My recent trip to New York included a lot less time in transit, so I covered a lot fewer movies on my obligatory list. In fact, only one: The Exorcist.
Amongst horror movies, I can think of a few I have found entertaining, but only two that even approached being scary. I don't count the moment's jolt when a sudden, unexpected loud noise surprises you as fear; that's just being startled. A scary movie should have you tense and something akin to frightened while it's happening, or later, or both. The two movies to get me that way: Alien and The Omen. Many people mistake the former for science fiction (it's that too, but it's primarily horror), but everyone categorizes the latter as horror. And The Exorcist is usually the film most likely to be ranked alongside it in terms of scariness.
Well, I don't see it. The movie felt boring and flat to me. There was a lot of shock value and a lot of really horrible things being said, but the only sign of a real threat was one off-camera death. Generally speaking, I never got any sense that the demon had any goal, or any idea what it could or couldn't do, so I didn't feel like there was any real threat being made. It just seemed like it wanted to be really awful and horrible, but not really to do anything.
It was suggested to me that maybe it's scary only to people who believe in that sort of thing. But The Omen ultimately derives its sense of ominous danger from belief in the same general stuff, and I didn't feel any more need to believe in the Bible to find it scary than I need to believe in warp drive to enjoy Star Trek. If the movie really does have its impact only on people who believe in demonic possession, I think I'll make a new horror movie about someone who has to help a friend recover from a disk crash, and the friend didn't make backups.
Otherwise, it just felt like it dragged on and on, with minor moments of things that were shockingly awful, but not really scary, to sustain us between long periods of nothing particular happening. I actually found the most interesting parts to be watching the younger priest go through his backstory -- which is not to say that that was interesting, but it was more so than watching the mother get more and more worn.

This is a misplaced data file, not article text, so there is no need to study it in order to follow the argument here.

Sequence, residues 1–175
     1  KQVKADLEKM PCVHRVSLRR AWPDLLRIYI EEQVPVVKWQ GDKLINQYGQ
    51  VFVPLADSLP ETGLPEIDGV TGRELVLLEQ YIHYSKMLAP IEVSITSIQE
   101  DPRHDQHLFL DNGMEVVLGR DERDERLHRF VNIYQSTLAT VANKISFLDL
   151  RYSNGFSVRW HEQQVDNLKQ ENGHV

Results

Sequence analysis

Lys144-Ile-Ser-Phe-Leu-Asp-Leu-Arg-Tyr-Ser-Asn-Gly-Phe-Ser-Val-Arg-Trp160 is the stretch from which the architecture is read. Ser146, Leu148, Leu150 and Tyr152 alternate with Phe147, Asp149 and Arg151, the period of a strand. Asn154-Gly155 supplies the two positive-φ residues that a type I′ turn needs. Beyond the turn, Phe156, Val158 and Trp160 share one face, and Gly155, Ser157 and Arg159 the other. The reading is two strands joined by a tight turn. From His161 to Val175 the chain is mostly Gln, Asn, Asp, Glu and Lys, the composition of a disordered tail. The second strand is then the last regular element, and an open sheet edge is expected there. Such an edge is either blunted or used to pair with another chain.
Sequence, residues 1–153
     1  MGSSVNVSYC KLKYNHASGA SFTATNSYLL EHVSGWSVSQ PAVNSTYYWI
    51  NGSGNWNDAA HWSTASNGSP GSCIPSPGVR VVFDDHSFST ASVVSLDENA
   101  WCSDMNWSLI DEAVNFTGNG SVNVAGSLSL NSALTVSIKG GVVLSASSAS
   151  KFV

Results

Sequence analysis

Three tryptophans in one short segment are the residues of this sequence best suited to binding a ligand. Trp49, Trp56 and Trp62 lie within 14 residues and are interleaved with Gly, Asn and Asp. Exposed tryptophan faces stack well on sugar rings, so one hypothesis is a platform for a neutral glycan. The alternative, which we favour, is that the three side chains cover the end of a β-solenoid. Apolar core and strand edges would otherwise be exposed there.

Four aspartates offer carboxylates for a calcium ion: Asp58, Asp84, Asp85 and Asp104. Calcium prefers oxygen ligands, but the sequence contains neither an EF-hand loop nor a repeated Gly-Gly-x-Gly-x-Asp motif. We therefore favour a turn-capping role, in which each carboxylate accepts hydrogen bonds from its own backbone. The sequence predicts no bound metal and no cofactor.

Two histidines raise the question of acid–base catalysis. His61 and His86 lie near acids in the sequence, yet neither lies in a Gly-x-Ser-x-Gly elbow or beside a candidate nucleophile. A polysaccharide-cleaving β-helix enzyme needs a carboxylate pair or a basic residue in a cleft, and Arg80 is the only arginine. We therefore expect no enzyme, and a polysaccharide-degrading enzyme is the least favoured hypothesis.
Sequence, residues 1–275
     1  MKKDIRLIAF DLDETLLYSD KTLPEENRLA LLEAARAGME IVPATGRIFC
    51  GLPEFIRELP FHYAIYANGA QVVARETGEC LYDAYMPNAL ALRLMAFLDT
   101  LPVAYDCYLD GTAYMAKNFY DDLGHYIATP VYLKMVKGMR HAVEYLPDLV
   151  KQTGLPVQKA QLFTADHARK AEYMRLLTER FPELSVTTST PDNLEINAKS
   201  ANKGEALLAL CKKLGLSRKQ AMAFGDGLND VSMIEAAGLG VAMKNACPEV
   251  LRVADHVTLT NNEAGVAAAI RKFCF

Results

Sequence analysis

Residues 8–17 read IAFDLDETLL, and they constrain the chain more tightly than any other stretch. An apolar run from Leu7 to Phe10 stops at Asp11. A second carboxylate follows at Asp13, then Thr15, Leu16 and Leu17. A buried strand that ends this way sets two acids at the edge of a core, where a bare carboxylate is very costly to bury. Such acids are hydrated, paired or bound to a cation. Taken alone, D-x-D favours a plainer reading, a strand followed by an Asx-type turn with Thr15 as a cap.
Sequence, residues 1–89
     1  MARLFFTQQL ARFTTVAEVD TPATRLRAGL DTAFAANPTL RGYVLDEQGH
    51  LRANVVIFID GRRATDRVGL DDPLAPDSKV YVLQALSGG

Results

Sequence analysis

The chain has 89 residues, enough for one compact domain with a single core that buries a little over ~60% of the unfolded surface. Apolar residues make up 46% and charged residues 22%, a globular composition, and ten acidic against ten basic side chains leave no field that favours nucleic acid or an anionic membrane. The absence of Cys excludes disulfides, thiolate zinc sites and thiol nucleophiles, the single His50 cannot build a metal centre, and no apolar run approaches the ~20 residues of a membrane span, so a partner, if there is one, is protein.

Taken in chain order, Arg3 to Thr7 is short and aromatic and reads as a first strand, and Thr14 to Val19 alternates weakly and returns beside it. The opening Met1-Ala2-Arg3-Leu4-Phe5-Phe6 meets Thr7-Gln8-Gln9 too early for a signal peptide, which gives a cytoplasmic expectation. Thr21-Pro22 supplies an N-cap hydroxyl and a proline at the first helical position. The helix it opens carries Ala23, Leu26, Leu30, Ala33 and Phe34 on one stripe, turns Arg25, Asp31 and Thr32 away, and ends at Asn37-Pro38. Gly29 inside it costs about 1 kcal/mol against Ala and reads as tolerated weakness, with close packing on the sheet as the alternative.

I get the sense that the people who made the film (or the book) found medical procedures terrifying, too, because the treatment of medicine was at once very strikingly true -- I was very impressed with how the doctors were depicted -- and depicted in a stark way that made me think they expected the audience to be cringing at the diagnostic procedures. I bet some people were. But again, that's not enough to make a good horror movie.
When the movie started I found myself wondering if I had the wrong film for a bit, since I had never heard anything about there being an archaeological expedition involved. Wait, is he going to open some clay jar that the demon was trapped in? Surely it's not that sort of movie. Then an hour goes by without the slightest reference to the whole opening scene. When we finally do get one, there seems to have been no reason to actually have seen it. It, like the mother's acting career, seem like an attempt to round out the characters that falls flat and ends up feeling like stretching the movie out.
The ending felt about as anticlimactic to me as the film had felt flat. So the older priest just got scared into a heart attack, is that it? And then the younger priest got the demon to go into him -- why would the demon do that? -- and then committed suicide -- why does that make the demon "lose"? I know that the point of the movie isn't to make a complete system of rules for how possession works: leaving it vague is supposed to help make it scary, the same way not seeing the xenomorph much helped make Alien scary. But this is more than just being ambiguous: it reaches over the line into meaningless. The threat and resolution just feel arbitrary and muddled. It's not like the xenomorph being only partially seen; it's more like if the xenomorph was so ambiguous we weren't even sure if it wanted to kill anyone, and then at some point it got persuaded to leave the ship because it didn't like the song about the lucky star.
We see the police lieutenant a few times, but nothing much ever comes of his inquiries. I suppose they're mostly there to help provide a reason for exposition. But then we see him at the end, and it seems this forces the question the filmmakers might prefer to avoid: how the heck does everyone brush off all these deaths without the law at least taking an interest? There was already one suspected murder, and now two more deaths -- admittedly one by natural causes -- in the same place, and one of them almost as suspicious as the first one even if you don't consider the whole "the same cause from the same place in the company of the same person" part. But the lieutenant just wants to go to the movies.
Once again I wonder if I'm missing something, or if it's just a matter of taste, that there are things in the movie that are frightening to a lot of people but not to me. And as always, if so, I wonder what it is.